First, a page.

It's a fact; overpopulation is a problem here on Earth. While it's not necessarily as front-and-center as it was back in the 70s, it remains that the sheer number of humans will be the ultimate cause of environmental issues to a greater and greater degree. So perhaps it's not much of a supposition to suppose that there are a lot of people who, given the opportunity, would pack up and move to an offworld colony. Even more if said colony is on another habitable planet, rather than some L5 space station or Martian dome. Granted, this wouldn't realistically make a dent in population; not unless you've got a fleet of ships capable of lifting millions of people per day, and that in itself causes its own problems - it's hard to imagine a society that could absorb millions of newcomers just like that.
That doesn't happen too much in science fiction, either - colonies tend to follow the pattern of the European colonization of North America, with massacre and abuse of the natives optional depending on what point you're trying to get across with the story. When colonies do happen, though, they tend to happen fast. It's hardly unusual to encounter a setting where humans have been exploring the cosmos in earnest for a short time, and yet near space is peppered with colonies: Mass Effect is just the most recent prominent example of this, and possibly one of its purest distillations.
How realistic is this, though? Or, rather, how realistic is it that this sort of policy would be successful, and not fraught with high-profile incidents that would put the brakes on reckless settlement? For the purposes of this argument, I'll overlook the unlikelihood of there being multiple Earth-compatible planetary environments just there for the choosing. Really, how safe would it be if the immediate response to the discovery of a habitable planet was to settle it without delay?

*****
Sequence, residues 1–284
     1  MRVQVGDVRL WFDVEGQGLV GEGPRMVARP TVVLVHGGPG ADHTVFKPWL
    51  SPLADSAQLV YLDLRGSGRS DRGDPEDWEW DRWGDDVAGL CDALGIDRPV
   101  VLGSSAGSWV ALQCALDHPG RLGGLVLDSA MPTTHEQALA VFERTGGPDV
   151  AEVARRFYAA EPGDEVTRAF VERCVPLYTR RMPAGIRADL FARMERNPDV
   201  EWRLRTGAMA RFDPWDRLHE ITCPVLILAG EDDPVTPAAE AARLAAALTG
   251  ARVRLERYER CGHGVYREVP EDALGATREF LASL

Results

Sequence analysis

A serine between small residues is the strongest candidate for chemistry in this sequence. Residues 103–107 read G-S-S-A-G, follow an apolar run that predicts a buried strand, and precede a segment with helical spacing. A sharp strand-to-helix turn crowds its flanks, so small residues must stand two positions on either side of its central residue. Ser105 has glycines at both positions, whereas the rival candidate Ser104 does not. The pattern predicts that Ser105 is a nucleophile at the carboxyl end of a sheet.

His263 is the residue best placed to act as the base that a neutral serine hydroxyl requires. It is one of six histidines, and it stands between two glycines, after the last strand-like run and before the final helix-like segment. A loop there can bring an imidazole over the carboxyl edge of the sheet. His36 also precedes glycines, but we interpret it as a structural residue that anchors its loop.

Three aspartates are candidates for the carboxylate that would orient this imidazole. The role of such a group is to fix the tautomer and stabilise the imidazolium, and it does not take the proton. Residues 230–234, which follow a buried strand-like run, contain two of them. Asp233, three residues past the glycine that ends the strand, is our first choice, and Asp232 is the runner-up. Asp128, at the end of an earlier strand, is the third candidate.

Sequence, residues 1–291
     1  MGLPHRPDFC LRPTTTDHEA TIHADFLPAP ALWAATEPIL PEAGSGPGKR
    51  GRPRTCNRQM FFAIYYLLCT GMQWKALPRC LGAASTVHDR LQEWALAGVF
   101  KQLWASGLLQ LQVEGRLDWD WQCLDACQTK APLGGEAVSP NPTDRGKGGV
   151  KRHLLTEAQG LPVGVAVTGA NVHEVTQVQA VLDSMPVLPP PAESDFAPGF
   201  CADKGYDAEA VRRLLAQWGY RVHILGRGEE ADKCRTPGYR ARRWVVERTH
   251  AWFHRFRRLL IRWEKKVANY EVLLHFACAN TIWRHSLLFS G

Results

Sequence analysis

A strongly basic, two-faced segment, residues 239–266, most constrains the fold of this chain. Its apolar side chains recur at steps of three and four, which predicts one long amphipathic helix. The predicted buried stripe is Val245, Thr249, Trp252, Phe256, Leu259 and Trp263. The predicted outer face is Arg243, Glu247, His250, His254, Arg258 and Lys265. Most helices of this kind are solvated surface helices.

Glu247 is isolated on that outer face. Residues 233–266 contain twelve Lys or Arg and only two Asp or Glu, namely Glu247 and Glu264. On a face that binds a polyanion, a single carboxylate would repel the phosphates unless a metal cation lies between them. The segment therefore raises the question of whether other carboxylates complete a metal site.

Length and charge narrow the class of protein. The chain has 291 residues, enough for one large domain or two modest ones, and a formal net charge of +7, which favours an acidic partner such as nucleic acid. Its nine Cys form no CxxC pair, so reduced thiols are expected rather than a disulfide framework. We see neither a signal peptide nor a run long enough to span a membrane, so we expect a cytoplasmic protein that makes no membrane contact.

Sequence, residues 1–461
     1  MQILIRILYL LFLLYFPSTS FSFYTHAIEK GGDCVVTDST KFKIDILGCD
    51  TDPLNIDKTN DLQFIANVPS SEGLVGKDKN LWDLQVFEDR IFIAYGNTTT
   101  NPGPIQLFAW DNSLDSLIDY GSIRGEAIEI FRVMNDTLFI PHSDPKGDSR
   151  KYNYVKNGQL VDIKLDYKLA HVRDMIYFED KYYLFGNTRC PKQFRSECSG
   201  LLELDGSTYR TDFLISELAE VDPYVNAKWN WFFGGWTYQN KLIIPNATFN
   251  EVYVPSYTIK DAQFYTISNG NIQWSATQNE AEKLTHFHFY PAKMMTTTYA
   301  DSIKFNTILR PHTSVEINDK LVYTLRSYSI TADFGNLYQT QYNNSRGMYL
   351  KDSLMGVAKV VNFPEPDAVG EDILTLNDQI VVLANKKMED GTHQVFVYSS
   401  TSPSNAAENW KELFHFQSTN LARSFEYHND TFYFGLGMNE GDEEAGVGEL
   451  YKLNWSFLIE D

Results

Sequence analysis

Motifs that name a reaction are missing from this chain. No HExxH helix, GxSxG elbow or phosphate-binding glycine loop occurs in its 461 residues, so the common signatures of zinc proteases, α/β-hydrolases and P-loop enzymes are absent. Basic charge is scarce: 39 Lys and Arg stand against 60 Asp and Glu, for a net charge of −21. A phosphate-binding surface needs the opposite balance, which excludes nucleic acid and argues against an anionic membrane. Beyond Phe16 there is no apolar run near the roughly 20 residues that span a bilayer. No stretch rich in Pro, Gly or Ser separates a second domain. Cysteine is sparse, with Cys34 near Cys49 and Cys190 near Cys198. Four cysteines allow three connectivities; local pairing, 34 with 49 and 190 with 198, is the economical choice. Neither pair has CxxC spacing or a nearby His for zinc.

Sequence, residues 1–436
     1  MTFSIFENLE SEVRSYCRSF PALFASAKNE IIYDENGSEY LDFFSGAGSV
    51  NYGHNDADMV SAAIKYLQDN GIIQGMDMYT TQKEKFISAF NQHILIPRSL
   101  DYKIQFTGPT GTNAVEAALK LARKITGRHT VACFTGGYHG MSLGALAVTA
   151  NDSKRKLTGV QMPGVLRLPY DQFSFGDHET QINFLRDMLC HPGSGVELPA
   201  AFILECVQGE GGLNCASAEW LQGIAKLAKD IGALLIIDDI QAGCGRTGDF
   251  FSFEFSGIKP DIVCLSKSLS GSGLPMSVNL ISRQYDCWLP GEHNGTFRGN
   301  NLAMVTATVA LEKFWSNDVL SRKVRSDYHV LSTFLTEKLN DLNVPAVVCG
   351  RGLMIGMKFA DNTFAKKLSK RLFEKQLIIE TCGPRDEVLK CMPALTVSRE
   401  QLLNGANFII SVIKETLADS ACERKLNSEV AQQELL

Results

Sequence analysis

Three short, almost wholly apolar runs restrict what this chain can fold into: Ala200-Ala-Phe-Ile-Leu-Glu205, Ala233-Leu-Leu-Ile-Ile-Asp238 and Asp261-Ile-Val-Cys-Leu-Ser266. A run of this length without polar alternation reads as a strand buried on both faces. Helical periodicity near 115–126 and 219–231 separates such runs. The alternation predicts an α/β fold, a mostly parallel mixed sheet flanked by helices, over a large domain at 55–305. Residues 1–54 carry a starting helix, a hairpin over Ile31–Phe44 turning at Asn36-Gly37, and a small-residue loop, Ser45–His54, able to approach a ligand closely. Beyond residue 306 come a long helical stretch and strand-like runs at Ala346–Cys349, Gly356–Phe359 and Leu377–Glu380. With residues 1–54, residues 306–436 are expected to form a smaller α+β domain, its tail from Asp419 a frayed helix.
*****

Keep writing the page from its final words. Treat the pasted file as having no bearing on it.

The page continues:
Keep in mind that the challenges involved in settling a new world are ones that humans have not faced in more than ten thousand years, when people first crossed the Bering land bridge to the American continents - though I suppose you could also argue the Polynesian settlement of New Zealand eight hundred years ago had the same aspects as well. Any planet without a preexisting sapient population would be wilder than any part of Earth has been for generations, wholly untamed.
Plus, there are the dangers that would come from it being, you know, an entirely different planet, and the regular rules of Earth no longer applying. At least the Polynesians or the first inhabitants of North America would have had some idea of what to expect. A new planet could have any number of hidden dangers, from extreme seasons to hostile life forms to environmental poisons that aren't immediately obvious. A more appropriate trajectory, I think, would be to precede any planetary settlement with a long period of observation and initial exploration; enough so that if the planet does try to kill you, it will at least be in a way that doesn't happen every year or every other month.
Remember, it took more than a hundred years for European presence in North America to really stick - and don't forget about places like the Roanoke colony, which just up and disappeared. New planets would represent incredible investments - but one bad one early enough could wreck the whole thing.